I recently met a woman from India while we both waited for a train. The first question she asked me was, “Why have you never elected a woman leader in the United States, as we have done in India?” All I could say was, “That’s a good question.” She went on to ask, “Do you think Hillary Clinton will win the election this time? Is the United States ready yet for a woman leader?” I truthfully answered, “I really don’t feel confident that we are ready. The facts are not very encouraging—and I hope I’m wrong.”
In a recent article in the New York Times, Bryce Covert cited these discouraging facts:
- There has not yet been a woman elected to the White House.
- The US Congress is less than 20 percent female.
- In 2009, the year after Hillary Clinton conceded the nomination for president to Barack Obama, 13.5 percent of the top jobs in Fortune 500 companies were occupied by women. By 2013, that number rose to only 14.6 percent.
Covert goes on to note two troubling trends:
- Women and minorities usually make it to corporate leadership in times of crisis.
- They face backlash and added challenges once they get there that men don’t face.
Covert cited one study of large companies on the London Stock Exchange, which found that those companies who had put women on their boards “had just experienced consistently bad stock performance, while companies were generally stable before they appointed men.” Covert also cited a large study of all the promotions to chief executive at Fortune 500 companies over a fifteen-year period. The study found that “a company’s return on equity was consistently and significantly negative just before a woman or a minority got the job.” Because companies are commonly in crisis when women get the chance to take a senior leadership role, it is harder for women to succeed and more likely that they will be forced out and blamed for the problems.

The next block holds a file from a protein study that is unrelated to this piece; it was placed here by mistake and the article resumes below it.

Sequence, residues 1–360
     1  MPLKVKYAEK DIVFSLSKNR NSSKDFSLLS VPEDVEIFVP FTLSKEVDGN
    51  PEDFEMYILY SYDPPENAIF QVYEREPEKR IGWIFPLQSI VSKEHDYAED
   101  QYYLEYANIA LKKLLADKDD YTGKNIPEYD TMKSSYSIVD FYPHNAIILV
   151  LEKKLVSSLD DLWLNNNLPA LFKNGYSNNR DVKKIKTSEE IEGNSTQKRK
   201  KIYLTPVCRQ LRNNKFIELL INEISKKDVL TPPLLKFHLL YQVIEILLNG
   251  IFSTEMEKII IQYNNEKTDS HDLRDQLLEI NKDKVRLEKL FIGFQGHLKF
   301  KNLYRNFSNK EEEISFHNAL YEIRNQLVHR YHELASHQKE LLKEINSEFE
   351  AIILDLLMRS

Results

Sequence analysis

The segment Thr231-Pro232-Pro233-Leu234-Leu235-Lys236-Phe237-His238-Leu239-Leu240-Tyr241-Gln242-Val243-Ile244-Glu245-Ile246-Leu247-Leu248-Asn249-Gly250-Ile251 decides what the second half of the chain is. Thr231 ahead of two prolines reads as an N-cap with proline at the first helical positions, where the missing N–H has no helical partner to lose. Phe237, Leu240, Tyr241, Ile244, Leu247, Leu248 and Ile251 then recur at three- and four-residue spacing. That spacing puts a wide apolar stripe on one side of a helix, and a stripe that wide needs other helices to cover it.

The second trend shows that once hired, women and minorities face challenges and forms of backlash that make success more difficult. Covert cited polling
that shows both women and men prefer to have men in senior executive positions. (I have written in a previous article
about the preference for male bosses.) In addition, Covert reported research on backlash against women when they act assertively at work. He noted that “female leaders are more likely to be called abrasive, strident, aggressive and even emotional.” Women of color are also more likely to be called angry and militant when they act assertively. (Read more about this dynamic in another of my previous articles
What We Can Do to Help Pave the Way for Women Leaders
Because all change has to start with ourselves, we can take steps to fix these problems:
- Support women’s leadership in general. Remember, studies show that both women and men prefer having men as leaders, so we can reverse this trend by starting to be more supportive, in general, of women leaders at all levels and positions.
- Notice your own reflex reactions to quickly judge or feel uncomfortable with women leaders. I recently caught myself starting to be critical of a book by a well-known woman. I challenged myself to look for the value in the book, and I found plenty of value. Challenge yourself to ask, “What else could be true?” when you find yourself with an urge to negatively judge a woman.
- Whatever your political persuasion, challenge others when they judge a woman candidate as too aggressive, too ambitious, strident, or angry. These were many of the negative adjectives, often expressed by women, that were used to describe Hillary Clinton when she ran in 2008. Challenge people to speak about qualifications, facts, and issues, instead of personal characteristics.
Yes, we have work to do as a country to be ready to elect a female president, but by pushing through our unconscious bias and making conscious choices based on awareness, facts, and issues we can get ready to support women leaders. We can challenge ourselves and others to become aware of unconscious bias that stacks the deck against women leaders. Think about how important it is for girls to have more role models so that they are encouraged to aspire to be all they can be. Your decisions today will impact their future.
Image credit: Photo courtesy of Ralf Roletschek
, Wikimedia Commons